Does the Delivery of CBT for Youth Anxiety Differ Across Research and Practice Settings?

Meghan M. Smith, Bryce D. McLeod, Michael A. Southam-Gerow, Amanda Jensen-Doss, Philip C. Kendall, John R. Weisz

Research output: Contribution to journalArticlepeer-review

20 Scopus citations

Abstract

Does delivery of the same manual-based individual cognitive-behavioral treatment (ICBT) program for youth anxiety differ across research and practice settings? We examined this question in a sample of 89 youths (M age = 10.56, SD = 1.99; 63.70% Caucasian; 52.80% male) diagnosed with a primary anxiety disorder. The youths received (a) ICBT in a research setting, (b) ICBT in practice settings, or (c) non-manual-based usual care (UC) in practice settings. Treatment delivery was assessed using four theory-based subscales (Cognitive-behavioral, Psychodynamic, Client-Centered, Family) from the Therapy Process Observational Coding System for Child Psychotherapy–Revised Strategies scale (TPOCS-RS). Reliable independent coders, using the TPOCS-RS, rated 954 treatment sessions from two randomized controlled trials (1 efficacy and 1 effectiveness trial). In both settings, therapists trained and supervised in ICBT delivered comparable levels of cognitive-behavioral interventions at the beginning of treatment. However, therapists trained in ICBT in the research setting increased their use of cognitive-behavioral interventions as treatment progressed whereas their practice setting counterparts waned over time. Relative to the two ICBT groups, the UC therapists delivered a significantly higher dose of psychodynamic and family interventions and a significantly lower dose of cognitive-behavioral interventions. Overall, results indicate that there were more similarities than differences in manual-based ICBT delivery across research and practice settings. Future research should explore why the delivery of cognitive-behavioral interventions in the ICBT program changed over time and across settings, and whether the answers to these questions could inform implementation of ICBT programs.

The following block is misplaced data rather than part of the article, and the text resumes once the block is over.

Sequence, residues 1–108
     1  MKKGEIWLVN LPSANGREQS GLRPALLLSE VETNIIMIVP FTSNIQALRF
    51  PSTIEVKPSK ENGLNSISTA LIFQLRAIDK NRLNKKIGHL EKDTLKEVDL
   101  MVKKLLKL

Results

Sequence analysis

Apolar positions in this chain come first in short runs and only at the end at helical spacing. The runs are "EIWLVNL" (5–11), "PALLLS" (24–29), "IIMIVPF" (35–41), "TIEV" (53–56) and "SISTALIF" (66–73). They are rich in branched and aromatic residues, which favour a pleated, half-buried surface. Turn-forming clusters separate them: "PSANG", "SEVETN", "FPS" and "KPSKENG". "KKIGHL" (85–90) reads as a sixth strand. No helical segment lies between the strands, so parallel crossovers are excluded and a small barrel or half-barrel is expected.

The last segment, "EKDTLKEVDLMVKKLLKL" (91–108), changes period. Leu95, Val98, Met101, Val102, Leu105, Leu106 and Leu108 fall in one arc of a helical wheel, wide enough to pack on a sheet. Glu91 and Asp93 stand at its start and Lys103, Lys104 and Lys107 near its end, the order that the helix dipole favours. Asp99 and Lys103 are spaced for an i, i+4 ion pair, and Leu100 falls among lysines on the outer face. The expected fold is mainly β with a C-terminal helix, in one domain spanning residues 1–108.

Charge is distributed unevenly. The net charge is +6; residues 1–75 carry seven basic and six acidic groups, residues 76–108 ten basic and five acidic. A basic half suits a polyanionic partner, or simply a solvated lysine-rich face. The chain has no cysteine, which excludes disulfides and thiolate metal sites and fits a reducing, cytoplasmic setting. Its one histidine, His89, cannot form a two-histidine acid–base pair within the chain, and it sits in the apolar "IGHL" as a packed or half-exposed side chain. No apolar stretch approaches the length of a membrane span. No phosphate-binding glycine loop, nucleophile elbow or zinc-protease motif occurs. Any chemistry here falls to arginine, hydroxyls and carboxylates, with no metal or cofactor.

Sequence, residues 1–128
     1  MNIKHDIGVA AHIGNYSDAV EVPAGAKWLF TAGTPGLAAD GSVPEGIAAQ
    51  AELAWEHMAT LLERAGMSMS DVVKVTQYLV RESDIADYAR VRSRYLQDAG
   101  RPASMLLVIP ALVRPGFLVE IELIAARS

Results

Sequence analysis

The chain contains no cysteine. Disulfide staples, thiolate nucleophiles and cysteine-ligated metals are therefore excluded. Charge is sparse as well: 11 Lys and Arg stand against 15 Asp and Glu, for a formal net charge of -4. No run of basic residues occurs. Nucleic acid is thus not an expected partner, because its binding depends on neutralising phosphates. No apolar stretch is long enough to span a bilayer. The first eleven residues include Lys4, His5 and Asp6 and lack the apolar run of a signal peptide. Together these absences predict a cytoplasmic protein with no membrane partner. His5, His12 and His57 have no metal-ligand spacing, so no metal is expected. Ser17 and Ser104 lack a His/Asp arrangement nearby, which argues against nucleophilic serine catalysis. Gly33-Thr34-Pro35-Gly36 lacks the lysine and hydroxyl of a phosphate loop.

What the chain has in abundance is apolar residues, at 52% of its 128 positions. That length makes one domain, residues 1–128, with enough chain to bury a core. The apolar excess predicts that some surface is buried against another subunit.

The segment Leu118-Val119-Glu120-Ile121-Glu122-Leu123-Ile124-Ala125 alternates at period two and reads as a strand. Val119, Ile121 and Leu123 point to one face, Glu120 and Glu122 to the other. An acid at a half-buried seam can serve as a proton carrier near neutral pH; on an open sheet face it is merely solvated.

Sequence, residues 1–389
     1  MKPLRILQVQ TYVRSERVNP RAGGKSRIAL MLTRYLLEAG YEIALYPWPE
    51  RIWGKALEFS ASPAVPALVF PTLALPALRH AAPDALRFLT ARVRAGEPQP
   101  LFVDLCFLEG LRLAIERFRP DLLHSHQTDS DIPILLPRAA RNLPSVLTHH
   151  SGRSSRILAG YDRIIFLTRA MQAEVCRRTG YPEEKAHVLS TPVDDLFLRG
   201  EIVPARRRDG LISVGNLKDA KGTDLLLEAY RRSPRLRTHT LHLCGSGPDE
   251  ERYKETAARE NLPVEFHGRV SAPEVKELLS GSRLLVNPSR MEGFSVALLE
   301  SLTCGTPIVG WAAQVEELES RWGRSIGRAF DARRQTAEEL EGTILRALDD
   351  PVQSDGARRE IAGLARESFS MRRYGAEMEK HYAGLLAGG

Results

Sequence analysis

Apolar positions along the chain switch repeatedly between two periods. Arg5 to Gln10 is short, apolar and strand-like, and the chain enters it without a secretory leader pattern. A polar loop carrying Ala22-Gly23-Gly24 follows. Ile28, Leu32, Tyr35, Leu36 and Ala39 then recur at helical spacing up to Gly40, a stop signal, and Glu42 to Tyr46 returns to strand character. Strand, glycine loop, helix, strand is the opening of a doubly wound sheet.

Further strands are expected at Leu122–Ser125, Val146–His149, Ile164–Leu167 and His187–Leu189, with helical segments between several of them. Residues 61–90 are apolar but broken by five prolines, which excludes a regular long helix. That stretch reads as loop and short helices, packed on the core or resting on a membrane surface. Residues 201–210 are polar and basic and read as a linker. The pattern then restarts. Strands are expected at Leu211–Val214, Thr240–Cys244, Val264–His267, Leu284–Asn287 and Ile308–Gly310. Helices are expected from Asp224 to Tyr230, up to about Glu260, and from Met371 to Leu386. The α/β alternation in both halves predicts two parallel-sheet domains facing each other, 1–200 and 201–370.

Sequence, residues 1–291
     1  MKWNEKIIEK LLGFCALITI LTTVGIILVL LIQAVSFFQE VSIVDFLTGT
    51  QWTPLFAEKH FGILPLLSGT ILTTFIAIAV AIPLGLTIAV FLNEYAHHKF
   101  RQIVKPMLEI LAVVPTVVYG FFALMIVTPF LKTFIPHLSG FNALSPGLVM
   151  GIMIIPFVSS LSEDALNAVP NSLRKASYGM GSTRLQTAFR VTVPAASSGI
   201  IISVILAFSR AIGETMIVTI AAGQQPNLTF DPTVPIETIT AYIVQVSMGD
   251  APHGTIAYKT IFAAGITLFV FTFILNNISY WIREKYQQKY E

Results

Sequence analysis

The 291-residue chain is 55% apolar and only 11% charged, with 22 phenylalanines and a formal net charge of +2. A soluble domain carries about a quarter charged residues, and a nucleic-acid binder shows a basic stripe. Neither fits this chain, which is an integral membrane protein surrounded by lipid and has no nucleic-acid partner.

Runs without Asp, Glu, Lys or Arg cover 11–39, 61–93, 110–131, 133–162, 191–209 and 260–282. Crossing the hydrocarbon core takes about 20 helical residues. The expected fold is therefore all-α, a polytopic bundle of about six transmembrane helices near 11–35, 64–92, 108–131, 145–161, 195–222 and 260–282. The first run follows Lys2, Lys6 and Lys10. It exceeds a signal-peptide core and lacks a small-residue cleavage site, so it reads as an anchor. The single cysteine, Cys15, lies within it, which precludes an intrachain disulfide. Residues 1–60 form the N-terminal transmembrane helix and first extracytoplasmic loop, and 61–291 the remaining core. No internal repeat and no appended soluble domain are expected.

Original languageEnglish (US)
Pages (from-to)501-516
Number of pages16
JournalBehavior Therapy
Volume48
Issue number4
DOIs
StatePublished - Jul 2017

Keywords

  • Cognitive-Behavioral Treatment
  • Evidence-Based
  • Implementation
  • Youth

ASJC Scopus subject areas

  • Clinical Psychology

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